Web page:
“In Plato’s Cave”

Susan Sontag’s work dissects the photographic medium, begging the question of what is worth photographing and what fails to merit this vein of technological recognition.  Photography has, since its conception, had a problematic relation with truth, as does it carry out an ambiguous role in society and the art world alike.  Beginning with the kalotype, which sought to redefine artistic delineation, to Baudrillard critique degrading the medium’s aspiration to be considered an art form- photography has evolved, changed and shaped the way the world is framed. Oftentimes, what is left out of the image is just as important as that which is captured by the lens. Susan Sontag’s discursive critique of the photographic medium sheds light on the complexities of what it means to hijack fragments of time.  Furthermore, the politics of meaning and the consequences of representation are juxtaposed with the argument that photographs are merely pieces of life not vying to make a statement but merely expressing a point in time.   Yet photography as a medium, as an art form, as an inherent aspect of our everyday life has an indisputable schizophrenic character that transforms according to its context.

Photography, unlike other art forms, is hinged on the dilapidated pretext that its relationship with reality, with truth, is innocent, pure, unadulterated.  Susan Sontag supports this discourse to a certain extent, however I would be very interested to hear what she would have to say thirty years later in the age of Photoshop and digital retouching.  Despite the fragile argument that photography is a tool of mimesis, the gaze must not be forgotten.  Be that as it may, photography is a democratizing art form that transcends social stratification and is arguably accessible to society at large with obvious exceptions of course.  These exceptions are oftentimes targets for the photojournalist abroad, who in desperation to expose to the indigenous, the unknown, the ‘other’ shoot down those who still subsist in conditions we fail to understand and in our incomprehension look down upon.

What I found particularly interesting about Sontag’s essay was her attention to the parallel growth of tourism and the proliferation of the public’s use of photography. Born in 1986, traveling has been tightly woven into my upbringing- I know nothing else.  I grew up amid the onslaught of globalization, the conception of the Internet and the implications of the transnational flow of media. Yet, in the very year I was born I am told the two greatest imports into China were ‘Rambo’ and Aids- something to think about.  The construction of artificial realties and the public fetishism of the image have consequences, as do the ethnoflow of people on the world stage.  In short, we are living in the most exciting and unpredictable time- there is a sense of agency coupled with a loss of control.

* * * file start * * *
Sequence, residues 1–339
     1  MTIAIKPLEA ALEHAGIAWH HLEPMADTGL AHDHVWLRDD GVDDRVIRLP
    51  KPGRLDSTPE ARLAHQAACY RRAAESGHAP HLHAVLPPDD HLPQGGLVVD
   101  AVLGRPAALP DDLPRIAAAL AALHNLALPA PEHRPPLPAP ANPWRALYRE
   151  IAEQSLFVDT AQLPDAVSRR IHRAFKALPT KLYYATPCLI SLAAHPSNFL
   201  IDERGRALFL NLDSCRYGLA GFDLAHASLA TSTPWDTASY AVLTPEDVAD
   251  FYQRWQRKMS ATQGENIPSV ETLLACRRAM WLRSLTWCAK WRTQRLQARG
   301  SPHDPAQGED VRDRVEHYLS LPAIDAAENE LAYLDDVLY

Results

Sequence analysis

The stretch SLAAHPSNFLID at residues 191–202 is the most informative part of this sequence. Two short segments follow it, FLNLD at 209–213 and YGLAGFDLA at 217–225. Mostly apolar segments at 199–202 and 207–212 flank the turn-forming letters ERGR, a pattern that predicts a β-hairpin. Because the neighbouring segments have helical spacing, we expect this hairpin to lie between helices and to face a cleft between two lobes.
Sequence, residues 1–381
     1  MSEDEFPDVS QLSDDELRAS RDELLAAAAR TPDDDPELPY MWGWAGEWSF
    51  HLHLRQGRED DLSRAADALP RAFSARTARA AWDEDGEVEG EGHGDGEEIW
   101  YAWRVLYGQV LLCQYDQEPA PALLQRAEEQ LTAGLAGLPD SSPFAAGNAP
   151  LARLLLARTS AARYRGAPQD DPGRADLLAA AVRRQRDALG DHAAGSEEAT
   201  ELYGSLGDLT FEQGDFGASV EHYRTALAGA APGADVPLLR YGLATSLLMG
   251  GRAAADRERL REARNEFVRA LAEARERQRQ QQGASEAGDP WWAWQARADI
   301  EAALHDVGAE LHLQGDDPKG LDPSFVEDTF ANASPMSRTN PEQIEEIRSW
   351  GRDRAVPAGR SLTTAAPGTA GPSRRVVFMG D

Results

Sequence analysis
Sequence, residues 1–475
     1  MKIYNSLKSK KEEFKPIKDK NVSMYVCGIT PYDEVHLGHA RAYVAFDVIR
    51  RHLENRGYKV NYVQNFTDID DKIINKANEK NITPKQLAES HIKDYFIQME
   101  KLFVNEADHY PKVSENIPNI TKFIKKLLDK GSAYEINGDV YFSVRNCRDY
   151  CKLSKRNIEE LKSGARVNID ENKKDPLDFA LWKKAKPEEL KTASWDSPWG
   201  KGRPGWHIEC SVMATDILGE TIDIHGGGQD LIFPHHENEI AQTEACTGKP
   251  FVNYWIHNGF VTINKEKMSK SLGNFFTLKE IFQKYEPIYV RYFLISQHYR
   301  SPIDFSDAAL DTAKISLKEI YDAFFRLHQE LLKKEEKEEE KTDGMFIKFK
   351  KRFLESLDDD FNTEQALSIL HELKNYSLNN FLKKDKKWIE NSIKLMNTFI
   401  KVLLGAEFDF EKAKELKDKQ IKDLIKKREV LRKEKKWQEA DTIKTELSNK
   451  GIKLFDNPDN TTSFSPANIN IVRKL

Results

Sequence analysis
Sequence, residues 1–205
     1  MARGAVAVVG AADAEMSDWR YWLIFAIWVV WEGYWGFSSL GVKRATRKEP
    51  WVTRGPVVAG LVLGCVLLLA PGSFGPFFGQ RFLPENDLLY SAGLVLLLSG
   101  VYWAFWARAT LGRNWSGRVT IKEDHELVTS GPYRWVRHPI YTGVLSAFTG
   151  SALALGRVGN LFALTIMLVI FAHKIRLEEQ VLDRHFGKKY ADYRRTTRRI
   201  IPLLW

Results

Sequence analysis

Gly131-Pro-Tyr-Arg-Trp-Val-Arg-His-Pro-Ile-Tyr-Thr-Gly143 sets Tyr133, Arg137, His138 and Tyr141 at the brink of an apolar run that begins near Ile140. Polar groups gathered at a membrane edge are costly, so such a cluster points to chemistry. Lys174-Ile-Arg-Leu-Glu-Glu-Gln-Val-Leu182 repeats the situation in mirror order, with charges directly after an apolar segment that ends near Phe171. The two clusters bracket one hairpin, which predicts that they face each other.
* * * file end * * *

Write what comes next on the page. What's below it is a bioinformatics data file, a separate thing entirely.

As a photographer, I often forget what role I play as I cautiously work my way through shanty towns in India, where women invite me into there homes and nod their heads back and forth, back and forth– no words exchanged but enough said.  I’ve seen the world from many angles and Susan Sontag’s article reminded me about how seemingly innocent yet dangerous it can be to see life through a lens. This work acknowledged the inexplicable possibilities tied to the medium, but also begged the question of what unantiscipated repercussions have yet to manifest.  Just as painting has evolved (or devolved?) from the work of Di Vinci to that of Picassos (whose to define genius), photography has traveled along a similar trajectory.  Even with the aid of hindsight, it is difficult to define the role of the photographic medium- is it to be art, a means of stealing fleeting momets, a democratization of representation or is its ability to distort reality rendering consequences that cannot be ignored?  Trying to define the incessantly oscillating medium proves to be as difficult as nailing pudding to the wall.  With this said, there are some indisputable truths that cannot be denied.  Like Walter Bejamin’s article written now over eighty years ago, I would argue the Susan Sontag’s speculation, doubts, concerns and understanding of photography proves to as true today as it was the day she wrote it.


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